STATEMENT OF STEPHEN C. GOSS, CHIEF ACTUARY, SOCIAL SECURITY ADMINISTRATION, BALTIMORE, MD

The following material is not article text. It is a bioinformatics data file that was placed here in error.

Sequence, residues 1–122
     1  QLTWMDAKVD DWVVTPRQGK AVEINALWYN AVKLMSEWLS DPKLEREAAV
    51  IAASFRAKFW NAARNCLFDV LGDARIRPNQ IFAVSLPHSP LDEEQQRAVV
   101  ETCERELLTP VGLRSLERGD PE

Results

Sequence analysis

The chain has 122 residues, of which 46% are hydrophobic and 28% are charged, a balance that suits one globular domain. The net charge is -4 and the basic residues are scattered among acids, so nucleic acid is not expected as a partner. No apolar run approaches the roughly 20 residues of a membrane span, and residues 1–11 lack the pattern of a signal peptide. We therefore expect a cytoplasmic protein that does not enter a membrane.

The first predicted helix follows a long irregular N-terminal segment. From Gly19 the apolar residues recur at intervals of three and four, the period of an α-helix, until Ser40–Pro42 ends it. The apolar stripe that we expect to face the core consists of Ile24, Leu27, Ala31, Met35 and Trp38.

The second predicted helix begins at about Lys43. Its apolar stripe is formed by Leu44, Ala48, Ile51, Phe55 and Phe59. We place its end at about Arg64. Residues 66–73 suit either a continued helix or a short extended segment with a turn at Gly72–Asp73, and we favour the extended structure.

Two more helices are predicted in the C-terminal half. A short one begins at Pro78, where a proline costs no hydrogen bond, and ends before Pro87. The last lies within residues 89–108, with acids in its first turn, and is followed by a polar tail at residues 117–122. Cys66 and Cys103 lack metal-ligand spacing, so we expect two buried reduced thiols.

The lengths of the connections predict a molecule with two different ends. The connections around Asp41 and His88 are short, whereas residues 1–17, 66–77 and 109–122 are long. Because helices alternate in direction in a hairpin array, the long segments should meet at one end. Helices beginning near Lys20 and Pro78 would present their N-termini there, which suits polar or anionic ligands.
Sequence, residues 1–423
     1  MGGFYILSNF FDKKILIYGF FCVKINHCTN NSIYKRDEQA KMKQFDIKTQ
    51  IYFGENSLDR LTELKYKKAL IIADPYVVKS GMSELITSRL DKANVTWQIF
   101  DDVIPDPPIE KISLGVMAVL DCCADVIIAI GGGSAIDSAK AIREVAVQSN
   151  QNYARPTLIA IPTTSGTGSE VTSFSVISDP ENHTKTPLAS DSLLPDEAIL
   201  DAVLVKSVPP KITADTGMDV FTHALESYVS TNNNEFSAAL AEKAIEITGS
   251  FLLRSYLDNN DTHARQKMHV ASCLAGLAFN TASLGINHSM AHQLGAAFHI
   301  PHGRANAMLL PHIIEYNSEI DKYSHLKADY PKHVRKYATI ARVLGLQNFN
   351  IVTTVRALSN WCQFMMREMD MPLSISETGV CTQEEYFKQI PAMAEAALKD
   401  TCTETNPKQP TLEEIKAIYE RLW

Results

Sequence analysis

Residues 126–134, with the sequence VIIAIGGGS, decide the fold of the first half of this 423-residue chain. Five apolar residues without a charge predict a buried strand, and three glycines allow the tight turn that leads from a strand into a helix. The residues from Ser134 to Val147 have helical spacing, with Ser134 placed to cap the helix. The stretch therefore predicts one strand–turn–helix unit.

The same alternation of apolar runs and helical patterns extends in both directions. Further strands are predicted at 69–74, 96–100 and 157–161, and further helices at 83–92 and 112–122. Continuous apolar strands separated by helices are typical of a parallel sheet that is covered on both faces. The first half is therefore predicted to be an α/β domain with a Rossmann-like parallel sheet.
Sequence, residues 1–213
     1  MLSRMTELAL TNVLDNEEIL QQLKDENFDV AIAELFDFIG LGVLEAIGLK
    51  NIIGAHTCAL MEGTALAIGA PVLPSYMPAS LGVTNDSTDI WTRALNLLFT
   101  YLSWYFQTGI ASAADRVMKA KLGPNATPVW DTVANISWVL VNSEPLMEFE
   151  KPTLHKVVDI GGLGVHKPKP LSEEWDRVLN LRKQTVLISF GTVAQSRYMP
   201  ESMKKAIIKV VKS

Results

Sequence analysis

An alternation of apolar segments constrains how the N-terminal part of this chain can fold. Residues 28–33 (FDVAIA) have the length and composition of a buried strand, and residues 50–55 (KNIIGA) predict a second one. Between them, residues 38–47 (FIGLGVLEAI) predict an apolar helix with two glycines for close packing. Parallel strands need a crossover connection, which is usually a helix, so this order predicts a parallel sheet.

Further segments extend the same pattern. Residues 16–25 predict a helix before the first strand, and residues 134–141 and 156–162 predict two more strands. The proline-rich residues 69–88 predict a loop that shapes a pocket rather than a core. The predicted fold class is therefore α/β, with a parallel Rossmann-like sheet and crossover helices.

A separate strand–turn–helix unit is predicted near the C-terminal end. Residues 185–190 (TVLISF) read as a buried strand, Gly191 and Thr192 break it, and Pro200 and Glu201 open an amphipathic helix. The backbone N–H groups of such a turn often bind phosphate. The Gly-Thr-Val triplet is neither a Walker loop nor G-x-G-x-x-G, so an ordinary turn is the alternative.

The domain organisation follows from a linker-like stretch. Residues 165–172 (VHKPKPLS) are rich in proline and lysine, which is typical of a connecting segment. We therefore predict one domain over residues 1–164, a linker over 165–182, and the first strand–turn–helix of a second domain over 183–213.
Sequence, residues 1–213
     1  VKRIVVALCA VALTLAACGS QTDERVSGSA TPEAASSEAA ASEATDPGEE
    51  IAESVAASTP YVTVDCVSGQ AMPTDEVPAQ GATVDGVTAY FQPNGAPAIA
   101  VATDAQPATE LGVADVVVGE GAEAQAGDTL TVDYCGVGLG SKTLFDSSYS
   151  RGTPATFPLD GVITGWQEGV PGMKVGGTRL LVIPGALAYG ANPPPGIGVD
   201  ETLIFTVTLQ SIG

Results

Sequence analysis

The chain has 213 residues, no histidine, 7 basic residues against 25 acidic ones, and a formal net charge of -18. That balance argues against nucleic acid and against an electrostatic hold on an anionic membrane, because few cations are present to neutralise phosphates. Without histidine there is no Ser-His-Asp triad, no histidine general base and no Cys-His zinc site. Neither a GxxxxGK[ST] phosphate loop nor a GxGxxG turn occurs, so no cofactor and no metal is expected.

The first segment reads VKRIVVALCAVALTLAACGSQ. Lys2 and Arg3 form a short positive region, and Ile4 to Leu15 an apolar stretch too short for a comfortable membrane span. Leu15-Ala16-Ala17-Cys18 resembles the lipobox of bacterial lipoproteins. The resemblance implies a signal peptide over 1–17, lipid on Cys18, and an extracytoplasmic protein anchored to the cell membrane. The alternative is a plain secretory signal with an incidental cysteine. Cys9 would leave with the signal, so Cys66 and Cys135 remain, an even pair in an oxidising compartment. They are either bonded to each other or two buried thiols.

Mr. GOSS. Thank you very much, Mr. Chairman and Ranking Member. It is truly a pleasure to be able to come and talk with you today about Social Security, about its financial status, and about the contents of the latest trustees’ report. I will apologize in advance for talking to you on some points that you all have very effectively covered already, but there are some additional details that I would like to be able to pass on to you. The Social Security program currently provides monthly benefits to over 46 million individuals, and the primary source of financing is, of course, the payroll tax, which applies to more than 150 million workers in covered employment. Regarding the latest trustees’ report that has just come out, the overall financial status of the Old Age and Survivors and Disability Insurance program was little changed from last year’s report. Under the intermediate assumptions, as you have both indicated, the long-range actuarial deficit is now estimated at 1.92 percent of payroll over the 75-year projection period. This long-range deficit is 0.04 percent of payroll larger than was reported in last year’s 2002 report. That is not a very large change. However, changing the valuation period alone by going from the 2002 to 2003 report, moving 1 year forward at the point at which we start our valuation, would, all by itself, change the estimate for the actuarial deficit by increasing it by 0.07 percent of payroll. The fact that the actual deficit increased by only 0.04 percent of payroll is a bit of good news. It means that, on balance, the changes in assumptions, methods, and the starting data that went into the trustees’ report were a slight positive, offsetting about a third of the effect of changing the valuation date itself. Assets of the OASI and DI trust funds are invested in special obligations of the U.S. Treasury, as we are all well familiar. These combined assets increased by $165 billion during calendar year 2002, reaching a level of almost $1.4 trillion at the beginning of 2003.